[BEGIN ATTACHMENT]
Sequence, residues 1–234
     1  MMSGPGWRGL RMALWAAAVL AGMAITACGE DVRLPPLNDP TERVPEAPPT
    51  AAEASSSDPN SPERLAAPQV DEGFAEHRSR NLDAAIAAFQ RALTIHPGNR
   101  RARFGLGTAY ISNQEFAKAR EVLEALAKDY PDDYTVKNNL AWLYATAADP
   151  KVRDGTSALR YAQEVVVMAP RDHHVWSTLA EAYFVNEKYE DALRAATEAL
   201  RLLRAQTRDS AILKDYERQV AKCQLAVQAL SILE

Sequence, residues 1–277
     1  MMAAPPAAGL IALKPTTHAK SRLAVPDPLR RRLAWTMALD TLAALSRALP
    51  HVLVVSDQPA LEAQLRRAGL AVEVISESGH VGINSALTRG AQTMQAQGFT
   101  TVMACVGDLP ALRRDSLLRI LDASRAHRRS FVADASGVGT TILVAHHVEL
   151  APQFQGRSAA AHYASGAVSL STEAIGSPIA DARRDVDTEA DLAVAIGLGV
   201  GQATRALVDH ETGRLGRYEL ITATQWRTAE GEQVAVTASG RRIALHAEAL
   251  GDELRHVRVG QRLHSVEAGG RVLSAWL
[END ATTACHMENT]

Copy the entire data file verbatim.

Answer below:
Sequence, residues 1–234
     1  MMSGPGWRGL RMALWAAAVL AGMAITACGE DVRLPPLNDP TERVPEAPPT
    51  AAEASSSDPN SPERLAAPQV DEGFAEHRSR NLDAAIAAFQ RALTIHPGNR
   101  RARFGLGTAY ISNQEFAKAR EVLEALAKDY PDDYTVKNNL AWLYATAADP
   151  KVRDGTSALR YAQEVVVMAP RDHHVWSTLA EAYFVNEKYE DALRAATEAL
   201  RLLRAQTRDS AILKDYERQV AKCQLAVQAL SILE

Sequence, residues 1–277
     1  MMAAPPAAGL IALKPTTHAK SRLAVPDPLR RRLAWTMALD TLAALSRALP
    51  HVLVVSDQPA LEAQLRRAGL AVEVISESGH VGINSALTRG AQTMQAQGFT
   101  TVMACVGDLP ALRRDSLLRI LDASRAHRRS FVADASGVGT TILVAHHVEL
   151  APQFQGRSAA AHYASGAVSL STEAIGSPIA DARRDVDTEA DLAVAIGLGV
   201  GQATRALVDH ETGRLGRYEL ITATQWRTAE GEQVAVTASG RRIALHAEAL
   251  GDELRHVRVG QRLHSVEAGG RVLSAWL